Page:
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TONY PARSONS LIVE WEBCHAT: Author and columnist Tony Parsons is joining us on Monday 6 October for a live webchat from 9-10pm. Tony's sixth novel, My Favourite Wife, has just been published and is described by The Independent as 'a much bigger, more ambitious book' than the million-selling Man and Boy. If you can't make the chat but have questions you'd like to ask, please post them in advance. Hope to see you Monday.
3 October 2008
October's here, so cue shouting at your partner about his mother and plunging into your festive planning on the Mumsnet Christmas '08 talkboards. For those of you who still want to believe, there are lots of suggestions to kindle your children's faith, including taking bites out of carrots, the annual preparation of Reindeer Food for the PTA, or Chandra's impressive suggestion of "a candle-lit landing strip in the back garden". Hohoho already!
Am I being unreasonable to find a man who couldn't drive UTTERLY unattractive? asked NotCod. "There was a barrister in court who couldn't. I quite fancied him till he revealed that." MaloryDontDiveItsShallow agreed, and warned that women should avoid men on scooters for just this reason: "They are quite likely to be veggies and/or socialists." "I like watching DH reverse the car," drooled 50s housewife Oliveoil, "it is the arm over the headrest, looking back all masterful." Sb6699's DH drives a "HUUUUUUGE" articulated lorry, "and he can parallel park with what seems like less than an inch either side!" But angry UnquietDad was not impressed with all this slobbering: "What a vacuous load of stereotypical giggly car-worshipping SH*T." "ANYONE detect a hint of learner driver about UQD?" teased naughty Cod.
Guess what Pizza Express sent me, asked serial complainer Fimbo, when I complained about being one dough ball short in a packet I bought from Waitrose? "A life?" suggested Littlelapin, while Beansprout guessed at "a horse's head?" and PinkTulips made a stab with "a sense of dignity?" But the correct answer was a £10 Tesco voucher, which Edam considered a snub: "Ooh, offering a Tesco voucher to a Waitrose shopper is a bit of an insult, isn't it?" But Fimbo's zeal was not dampened: "Apparently, they have a dough ball counting machine that automatically deposits the correct number into each pack and it is currently being upgraded. They will be 'sharing full details of your experience directly with teams working on the production line'." "Complain to Waitrose now," suggested an entrepreneurial Twiglett, "they may send you vouchers for M&S."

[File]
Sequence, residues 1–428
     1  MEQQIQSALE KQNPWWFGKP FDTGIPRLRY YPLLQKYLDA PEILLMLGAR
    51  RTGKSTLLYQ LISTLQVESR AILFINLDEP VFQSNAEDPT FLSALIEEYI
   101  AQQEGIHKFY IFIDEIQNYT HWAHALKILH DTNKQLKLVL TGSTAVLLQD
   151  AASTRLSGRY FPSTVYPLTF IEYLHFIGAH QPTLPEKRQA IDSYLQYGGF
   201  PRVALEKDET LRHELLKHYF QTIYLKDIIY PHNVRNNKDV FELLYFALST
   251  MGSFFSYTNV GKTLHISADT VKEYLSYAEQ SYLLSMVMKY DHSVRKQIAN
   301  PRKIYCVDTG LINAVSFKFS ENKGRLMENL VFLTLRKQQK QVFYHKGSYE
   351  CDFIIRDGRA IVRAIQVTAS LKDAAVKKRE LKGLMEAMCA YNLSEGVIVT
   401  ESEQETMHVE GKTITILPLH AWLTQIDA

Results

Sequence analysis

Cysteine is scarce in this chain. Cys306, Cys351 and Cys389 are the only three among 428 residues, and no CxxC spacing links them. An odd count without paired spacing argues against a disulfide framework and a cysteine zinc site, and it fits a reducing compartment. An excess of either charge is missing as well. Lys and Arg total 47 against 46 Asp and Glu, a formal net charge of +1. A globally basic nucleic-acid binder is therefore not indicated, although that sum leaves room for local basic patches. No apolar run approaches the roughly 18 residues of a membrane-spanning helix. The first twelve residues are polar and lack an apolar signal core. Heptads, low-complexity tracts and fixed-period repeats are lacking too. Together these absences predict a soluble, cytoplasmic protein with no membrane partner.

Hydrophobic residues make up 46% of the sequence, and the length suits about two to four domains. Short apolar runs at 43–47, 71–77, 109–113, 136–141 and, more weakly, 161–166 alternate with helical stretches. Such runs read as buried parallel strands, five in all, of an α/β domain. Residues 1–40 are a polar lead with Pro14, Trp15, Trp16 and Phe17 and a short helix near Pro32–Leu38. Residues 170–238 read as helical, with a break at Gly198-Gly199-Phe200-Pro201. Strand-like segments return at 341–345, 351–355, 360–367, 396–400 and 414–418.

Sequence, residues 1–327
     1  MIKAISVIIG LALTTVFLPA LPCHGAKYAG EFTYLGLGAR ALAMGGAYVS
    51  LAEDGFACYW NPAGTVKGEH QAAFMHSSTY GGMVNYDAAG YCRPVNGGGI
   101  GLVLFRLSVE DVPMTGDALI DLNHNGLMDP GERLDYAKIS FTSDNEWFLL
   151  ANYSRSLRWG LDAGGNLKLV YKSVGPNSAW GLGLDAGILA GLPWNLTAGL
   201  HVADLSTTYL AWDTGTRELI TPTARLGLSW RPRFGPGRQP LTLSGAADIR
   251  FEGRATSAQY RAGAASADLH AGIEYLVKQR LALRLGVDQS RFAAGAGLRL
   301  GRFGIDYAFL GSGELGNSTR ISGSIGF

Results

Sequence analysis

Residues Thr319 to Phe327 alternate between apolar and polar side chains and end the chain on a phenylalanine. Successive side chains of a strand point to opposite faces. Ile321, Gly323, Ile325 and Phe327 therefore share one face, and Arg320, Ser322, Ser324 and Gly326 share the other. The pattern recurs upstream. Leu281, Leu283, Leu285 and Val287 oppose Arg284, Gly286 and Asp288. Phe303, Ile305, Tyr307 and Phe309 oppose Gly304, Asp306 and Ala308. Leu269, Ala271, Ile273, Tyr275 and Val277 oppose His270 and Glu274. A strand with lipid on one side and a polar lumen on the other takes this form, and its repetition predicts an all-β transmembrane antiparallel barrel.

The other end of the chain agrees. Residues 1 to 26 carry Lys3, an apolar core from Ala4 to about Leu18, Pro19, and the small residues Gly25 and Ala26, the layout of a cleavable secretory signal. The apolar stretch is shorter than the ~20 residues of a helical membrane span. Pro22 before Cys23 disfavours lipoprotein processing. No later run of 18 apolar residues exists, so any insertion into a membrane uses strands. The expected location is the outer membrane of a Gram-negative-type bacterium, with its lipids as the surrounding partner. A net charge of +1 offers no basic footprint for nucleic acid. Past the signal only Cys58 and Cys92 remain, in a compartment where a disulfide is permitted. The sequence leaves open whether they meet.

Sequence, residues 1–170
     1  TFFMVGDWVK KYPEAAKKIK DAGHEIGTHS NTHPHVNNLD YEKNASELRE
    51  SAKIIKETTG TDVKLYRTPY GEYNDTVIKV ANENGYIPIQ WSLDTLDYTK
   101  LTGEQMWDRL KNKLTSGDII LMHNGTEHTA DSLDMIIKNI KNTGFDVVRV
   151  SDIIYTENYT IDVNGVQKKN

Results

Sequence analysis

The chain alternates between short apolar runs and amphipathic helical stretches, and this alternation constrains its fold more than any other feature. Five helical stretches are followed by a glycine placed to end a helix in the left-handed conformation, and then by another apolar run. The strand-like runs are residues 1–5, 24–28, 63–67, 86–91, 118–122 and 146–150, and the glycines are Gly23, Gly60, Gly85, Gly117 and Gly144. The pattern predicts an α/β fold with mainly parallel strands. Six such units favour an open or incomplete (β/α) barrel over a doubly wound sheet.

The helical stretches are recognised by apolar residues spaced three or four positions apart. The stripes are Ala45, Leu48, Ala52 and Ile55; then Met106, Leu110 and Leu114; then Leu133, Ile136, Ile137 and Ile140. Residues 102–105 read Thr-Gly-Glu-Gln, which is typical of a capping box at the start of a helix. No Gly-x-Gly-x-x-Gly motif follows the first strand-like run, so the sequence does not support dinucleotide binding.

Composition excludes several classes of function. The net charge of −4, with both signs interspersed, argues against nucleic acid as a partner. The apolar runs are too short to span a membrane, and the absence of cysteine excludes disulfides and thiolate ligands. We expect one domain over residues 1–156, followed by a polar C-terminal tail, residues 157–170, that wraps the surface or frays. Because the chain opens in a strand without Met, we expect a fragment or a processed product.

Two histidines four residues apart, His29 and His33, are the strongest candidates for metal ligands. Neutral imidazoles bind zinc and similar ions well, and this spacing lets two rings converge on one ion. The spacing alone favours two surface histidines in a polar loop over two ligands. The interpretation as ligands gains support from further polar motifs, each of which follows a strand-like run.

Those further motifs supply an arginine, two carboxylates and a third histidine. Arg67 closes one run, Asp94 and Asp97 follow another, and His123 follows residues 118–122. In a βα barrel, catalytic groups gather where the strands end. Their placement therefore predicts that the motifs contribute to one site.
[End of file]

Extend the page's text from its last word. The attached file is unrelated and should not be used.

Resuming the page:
Am I bring unreasonable to think my overweight sister-in-law is out of order for breaking my DD's £100 rocking horse? asked Bodybag, fuming at the aunty who was trying to interest her niece in the toy while "singing Ride a Cock Horse". "Do NOT let this woman sit on your child," advised Blu, who understood the dilemma: "I am constantly having to police DS's v. small wheelchair and crutches from huge men who think it will be fun to have a go." But the court of Mumsnet voted heavily in favour of the jolly aunty, with Twinsetandpearls warning that Bodybag had got off lightly: "If you called me a ten tonne Tess I would take great delight in breaking your horse and then rubbing the sweat from my chafing thighs over the remains."
After a row about class on the latest Jamie Oliver thread, NotCod wanted to know who had proper working class grandparents, offering "ten points for use of the word Nana". Megglevache admitted to being ashamed of her shack-dwelling grandparents: "The cows lived downstairs so that they would be nice and warm and in the middle of the night you could hear them pooing and peeing (do you know how loud that is at 3am?)" MrsMattie revealed her grandad was a hedgecutter who cycled around the back lanes of rural Ireland, "but was really running errands for the IRA". WhirlingStirlin's Nana had the official job title of 'Knocker-Upper': "She made sure people got up for work at t'mill every morning by walking down the streets and banging on people's bedroom windows with a big stick." Sadly, she was widowed when her children were young, and from then on "her money went on chips for dinner every night and a few glasses of stout for her". If only she'd met Jamie Oliver.
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